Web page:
recovery process

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Jialing Pei

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Jul 9, 2020, 2:23:18 PM7/9/20
to wiredtiger-users
Hi,

I'm playing around with wiredtiger source code using gdb and want to get a sense of how transaction recovery works. Several questions when running gdb:
1. It seems that the function __wt_log_scan in log.c is taking care of scanning logs and apply a call back function to the log record. One thing I'm quite confused is the following code in __wt_log_scan:

         if (reclen == 0) {
2248              WT_ERR(__log_has_hole(session, log_fh, log_size, rd_lsn.l.offset, &bad_offset, &eol));
2249              if (bad_offset != 0) {
2250                  need_salvage = true;
2251                  WT_ERR(__log_salvage_message(session, log_fh->name, "", bad_offset));
2252              }
2253              if (eol)
2254                  /* Found a hole. This LSN is the end. */
2255                  break;
2256              /* Last record in log.  Look for more. */
2257              goto advance;
2258          }
When encountering zeros, why wt is trying to find a hole? What's the point of walking through the entire file?  Based on my observation, logs(slots) are appended serially and a slot always waits for its previous slots to finish. How does a hole come out then? Why a hole simply indicates the very end? Why a no-hole indicates looking for more?

2.Upon recovery, if there's no hole it will go to advance as line 2257 suggested and it will call the __log_has_hole function again(walk through the file again) in advance part, what's the point of this duplicate calls to this function?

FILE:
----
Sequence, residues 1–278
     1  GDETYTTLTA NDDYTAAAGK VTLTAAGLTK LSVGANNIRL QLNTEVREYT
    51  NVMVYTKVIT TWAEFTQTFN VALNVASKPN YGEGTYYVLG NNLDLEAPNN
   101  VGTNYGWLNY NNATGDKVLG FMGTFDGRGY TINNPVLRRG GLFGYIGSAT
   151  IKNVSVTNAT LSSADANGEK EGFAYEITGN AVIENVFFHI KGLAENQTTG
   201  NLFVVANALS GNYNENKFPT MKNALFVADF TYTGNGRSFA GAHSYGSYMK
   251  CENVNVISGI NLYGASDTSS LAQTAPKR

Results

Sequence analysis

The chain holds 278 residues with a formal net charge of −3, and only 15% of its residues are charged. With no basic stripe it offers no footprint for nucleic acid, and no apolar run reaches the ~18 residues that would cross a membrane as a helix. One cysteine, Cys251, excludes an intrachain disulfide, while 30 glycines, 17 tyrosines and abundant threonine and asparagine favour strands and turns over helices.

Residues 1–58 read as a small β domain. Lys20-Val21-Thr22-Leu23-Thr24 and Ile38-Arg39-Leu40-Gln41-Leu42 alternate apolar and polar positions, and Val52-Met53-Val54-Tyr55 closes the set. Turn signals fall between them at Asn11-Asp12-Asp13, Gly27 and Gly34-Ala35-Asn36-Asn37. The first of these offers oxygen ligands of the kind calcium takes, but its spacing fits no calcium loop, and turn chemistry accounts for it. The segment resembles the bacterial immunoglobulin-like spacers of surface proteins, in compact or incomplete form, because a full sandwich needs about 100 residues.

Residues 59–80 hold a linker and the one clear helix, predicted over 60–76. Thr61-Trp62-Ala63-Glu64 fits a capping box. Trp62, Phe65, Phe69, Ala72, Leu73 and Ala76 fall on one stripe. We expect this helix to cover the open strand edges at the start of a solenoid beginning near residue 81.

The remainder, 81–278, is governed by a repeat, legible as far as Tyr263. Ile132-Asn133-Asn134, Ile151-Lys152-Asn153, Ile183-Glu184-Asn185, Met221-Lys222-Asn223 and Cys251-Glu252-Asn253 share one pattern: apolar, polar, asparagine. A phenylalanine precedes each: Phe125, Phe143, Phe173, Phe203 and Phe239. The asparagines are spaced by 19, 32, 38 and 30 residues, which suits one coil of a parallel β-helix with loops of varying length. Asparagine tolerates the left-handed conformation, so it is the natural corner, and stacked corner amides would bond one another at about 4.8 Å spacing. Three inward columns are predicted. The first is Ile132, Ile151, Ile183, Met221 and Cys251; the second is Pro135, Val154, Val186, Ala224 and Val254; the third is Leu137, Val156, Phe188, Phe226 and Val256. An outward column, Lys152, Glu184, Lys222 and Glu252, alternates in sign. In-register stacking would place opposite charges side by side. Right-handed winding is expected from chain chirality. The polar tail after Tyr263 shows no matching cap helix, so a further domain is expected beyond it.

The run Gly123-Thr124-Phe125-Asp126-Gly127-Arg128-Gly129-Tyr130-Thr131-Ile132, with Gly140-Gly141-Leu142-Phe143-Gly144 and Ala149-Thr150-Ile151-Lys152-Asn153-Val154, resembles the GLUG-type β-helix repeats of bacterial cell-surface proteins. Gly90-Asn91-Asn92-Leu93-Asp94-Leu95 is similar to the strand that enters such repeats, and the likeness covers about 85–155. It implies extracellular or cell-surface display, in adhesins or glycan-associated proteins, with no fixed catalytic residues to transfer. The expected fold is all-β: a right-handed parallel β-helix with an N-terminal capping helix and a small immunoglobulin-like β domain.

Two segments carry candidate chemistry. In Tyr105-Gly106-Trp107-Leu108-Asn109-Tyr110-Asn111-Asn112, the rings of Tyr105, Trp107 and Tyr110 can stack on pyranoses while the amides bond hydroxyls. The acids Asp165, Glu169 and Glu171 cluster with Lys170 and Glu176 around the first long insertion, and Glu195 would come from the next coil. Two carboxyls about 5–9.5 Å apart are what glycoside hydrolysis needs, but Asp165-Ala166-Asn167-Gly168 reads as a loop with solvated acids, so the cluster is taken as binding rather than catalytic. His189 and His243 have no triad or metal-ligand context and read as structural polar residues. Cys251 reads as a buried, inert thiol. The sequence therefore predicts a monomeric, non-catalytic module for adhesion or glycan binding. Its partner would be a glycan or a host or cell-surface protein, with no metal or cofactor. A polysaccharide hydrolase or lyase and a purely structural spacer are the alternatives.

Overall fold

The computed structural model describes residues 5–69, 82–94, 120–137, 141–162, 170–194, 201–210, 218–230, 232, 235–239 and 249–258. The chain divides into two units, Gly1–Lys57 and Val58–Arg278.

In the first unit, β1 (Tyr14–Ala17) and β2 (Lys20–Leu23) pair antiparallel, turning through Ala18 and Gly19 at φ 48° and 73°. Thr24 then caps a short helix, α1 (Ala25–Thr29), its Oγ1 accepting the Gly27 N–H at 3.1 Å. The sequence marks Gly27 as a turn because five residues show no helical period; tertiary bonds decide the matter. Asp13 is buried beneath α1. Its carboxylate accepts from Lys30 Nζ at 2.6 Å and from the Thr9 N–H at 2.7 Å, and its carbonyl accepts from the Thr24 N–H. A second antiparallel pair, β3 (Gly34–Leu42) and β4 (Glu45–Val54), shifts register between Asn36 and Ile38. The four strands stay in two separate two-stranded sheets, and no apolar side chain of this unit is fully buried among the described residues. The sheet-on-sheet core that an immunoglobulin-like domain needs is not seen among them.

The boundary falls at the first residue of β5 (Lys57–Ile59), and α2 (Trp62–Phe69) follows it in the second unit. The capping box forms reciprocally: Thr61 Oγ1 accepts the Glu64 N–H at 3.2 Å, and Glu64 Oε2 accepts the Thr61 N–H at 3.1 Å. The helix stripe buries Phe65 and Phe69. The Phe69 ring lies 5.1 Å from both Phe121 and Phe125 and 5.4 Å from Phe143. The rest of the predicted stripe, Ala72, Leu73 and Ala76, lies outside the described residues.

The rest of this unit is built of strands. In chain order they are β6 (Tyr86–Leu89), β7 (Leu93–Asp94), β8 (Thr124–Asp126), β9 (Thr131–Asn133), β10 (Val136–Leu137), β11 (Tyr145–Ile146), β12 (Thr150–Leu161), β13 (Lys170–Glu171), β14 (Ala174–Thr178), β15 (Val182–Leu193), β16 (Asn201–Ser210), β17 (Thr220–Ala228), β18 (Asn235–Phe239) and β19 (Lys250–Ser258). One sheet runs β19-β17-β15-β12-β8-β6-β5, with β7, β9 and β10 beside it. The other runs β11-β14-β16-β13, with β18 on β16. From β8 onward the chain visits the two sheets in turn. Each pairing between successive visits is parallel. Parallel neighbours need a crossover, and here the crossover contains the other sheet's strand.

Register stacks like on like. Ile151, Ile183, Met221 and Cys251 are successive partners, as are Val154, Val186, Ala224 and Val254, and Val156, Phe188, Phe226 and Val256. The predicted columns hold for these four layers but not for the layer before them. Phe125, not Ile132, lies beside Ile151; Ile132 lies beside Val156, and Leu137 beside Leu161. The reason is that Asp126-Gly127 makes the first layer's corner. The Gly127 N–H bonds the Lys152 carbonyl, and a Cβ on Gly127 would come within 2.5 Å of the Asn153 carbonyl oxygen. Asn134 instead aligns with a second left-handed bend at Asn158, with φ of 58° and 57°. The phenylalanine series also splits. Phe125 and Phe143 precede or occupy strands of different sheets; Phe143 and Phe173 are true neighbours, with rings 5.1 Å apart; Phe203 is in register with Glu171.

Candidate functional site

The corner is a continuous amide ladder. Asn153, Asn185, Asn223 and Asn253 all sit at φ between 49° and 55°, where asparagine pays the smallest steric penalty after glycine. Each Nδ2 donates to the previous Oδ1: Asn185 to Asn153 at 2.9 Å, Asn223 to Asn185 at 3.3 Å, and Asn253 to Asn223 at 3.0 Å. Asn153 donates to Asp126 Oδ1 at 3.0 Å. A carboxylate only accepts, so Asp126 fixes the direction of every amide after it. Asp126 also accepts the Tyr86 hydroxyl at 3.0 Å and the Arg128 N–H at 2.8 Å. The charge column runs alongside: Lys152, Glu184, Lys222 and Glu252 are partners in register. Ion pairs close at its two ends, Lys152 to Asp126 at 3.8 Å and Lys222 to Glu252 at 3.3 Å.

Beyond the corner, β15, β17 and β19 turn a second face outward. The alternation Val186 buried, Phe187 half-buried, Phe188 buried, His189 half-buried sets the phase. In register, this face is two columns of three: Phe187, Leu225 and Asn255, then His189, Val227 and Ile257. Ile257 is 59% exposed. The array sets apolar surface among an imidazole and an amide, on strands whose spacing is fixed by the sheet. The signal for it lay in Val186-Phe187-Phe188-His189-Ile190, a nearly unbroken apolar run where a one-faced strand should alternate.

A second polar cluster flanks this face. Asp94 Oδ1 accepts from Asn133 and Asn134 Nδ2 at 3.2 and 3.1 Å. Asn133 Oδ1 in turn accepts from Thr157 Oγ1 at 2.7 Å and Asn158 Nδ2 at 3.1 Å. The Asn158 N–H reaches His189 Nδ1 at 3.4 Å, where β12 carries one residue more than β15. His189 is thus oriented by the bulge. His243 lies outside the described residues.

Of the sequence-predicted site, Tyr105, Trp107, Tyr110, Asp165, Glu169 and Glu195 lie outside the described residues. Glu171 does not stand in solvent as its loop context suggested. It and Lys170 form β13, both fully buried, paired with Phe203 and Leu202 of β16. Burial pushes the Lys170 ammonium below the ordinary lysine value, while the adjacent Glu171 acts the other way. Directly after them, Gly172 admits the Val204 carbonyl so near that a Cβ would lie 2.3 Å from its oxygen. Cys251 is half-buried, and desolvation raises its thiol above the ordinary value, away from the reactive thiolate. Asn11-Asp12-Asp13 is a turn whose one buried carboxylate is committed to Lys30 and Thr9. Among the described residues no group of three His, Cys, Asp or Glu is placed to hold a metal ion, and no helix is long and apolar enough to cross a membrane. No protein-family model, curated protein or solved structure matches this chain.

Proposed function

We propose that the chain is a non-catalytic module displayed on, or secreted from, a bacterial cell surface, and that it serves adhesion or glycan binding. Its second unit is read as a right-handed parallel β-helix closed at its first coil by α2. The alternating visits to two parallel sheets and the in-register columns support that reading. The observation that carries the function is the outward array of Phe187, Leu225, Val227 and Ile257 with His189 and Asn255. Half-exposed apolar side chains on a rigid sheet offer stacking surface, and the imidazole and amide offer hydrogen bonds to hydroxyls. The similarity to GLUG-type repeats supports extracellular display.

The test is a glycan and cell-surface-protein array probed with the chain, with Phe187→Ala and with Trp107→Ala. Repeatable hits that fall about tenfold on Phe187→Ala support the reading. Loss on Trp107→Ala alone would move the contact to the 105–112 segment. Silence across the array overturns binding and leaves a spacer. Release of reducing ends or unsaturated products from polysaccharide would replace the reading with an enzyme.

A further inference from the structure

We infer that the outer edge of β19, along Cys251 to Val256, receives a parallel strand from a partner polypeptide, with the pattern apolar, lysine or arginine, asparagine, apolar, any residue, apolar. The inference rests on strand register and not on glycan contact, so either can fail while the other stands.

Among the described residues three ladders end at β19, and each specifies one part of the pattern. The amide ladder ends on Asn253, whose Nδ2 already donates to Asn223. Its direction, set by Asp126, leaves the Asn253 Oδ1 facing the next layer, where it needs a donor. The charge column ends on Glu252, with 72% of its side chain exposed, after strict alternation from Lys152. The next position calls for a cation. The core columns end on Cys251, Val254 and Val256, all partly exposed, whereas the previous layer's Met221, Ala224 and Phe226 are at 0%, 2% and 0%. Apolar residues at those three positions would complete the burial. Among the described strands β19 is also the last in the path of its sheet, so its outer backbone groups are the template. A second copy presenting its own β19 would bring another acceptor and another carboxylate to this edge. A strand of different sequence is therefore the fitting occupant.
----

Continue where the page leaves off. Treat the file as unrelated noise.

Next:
Appreciated!

Best,
Jialing

sue.l...@mongodb.com

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Jul 14, 2020, 12:31:39 PM7/14/20
to wiredtiger-users
On Thursday, July 9, 2020 at 2:23:18 PM UTC-4 Jialing Pei wrote:
Hi,

I'm playing around with wiredtiger source code using gdb and want to get a sense of how transaction recovery works. Several questions when running gdb:
1. It seems that the function __wt_log_scan in log.c is taking care of scanning logs and apply a call back function to the log record. One thing I'm quite confused is the following code in __wt_log_scan:

         if (reclen == 0) {
2248              WT_ERR(__log_has_hole(session, log_fh, log_size, rd_lsn.l.offset, &bad_offset, &eol));
2249              if (bad_offset != 0) {
2250                  need_salvage = true;
2251                  WT_ERR(__log_salvage_message(session, log_fh->name, "", bad_offset));
2252              }
2253              if (eol)
2254                  /* Found a hole. This LSN is the end. */
2255                  break;
2256              /* Last record in log.  Look for more. */
2257              goto advance;
2258          }
When encountering zeros, why wt is trying to find a hole? What's the point of walking through the entire file?  Based on my observation, logs(slots) are appended serially and a slot always waits for its previous slots to finish. How does a hole come out then? Why a hole simply indicates the very end? Why a no-hole indicates looking for more?

This is not correct. In the usual codepath, writing a slot does not wait for earlier slots to be written. In __log_fs_write, the general code path just calls __wt_write. Therefore, slots can be written out of order and a hole can be the result.

The existence of a hole means we cannot recover anything after the hole because some data is missing. That is the end of the log on recovery. Detecting the end of a file and writing the next record into the next file means we have more to process. Because WiredTiger zeroes out the log files, the appearance of a hole looks very similar to the last record in the log file, then some zeroed space and the next record in the next log file. We have to be able to distinguish those cases. 

2.Upon recovery, if there's no hole it will go to advance as line 2257 suggested and it will call the __log_has_hole function again(walk through the file again) in advance part, what's the point of this duplicate calls to this function?

We can get to the code at the "advance" label without having called __log_has_hole and we need that information in some cases. 
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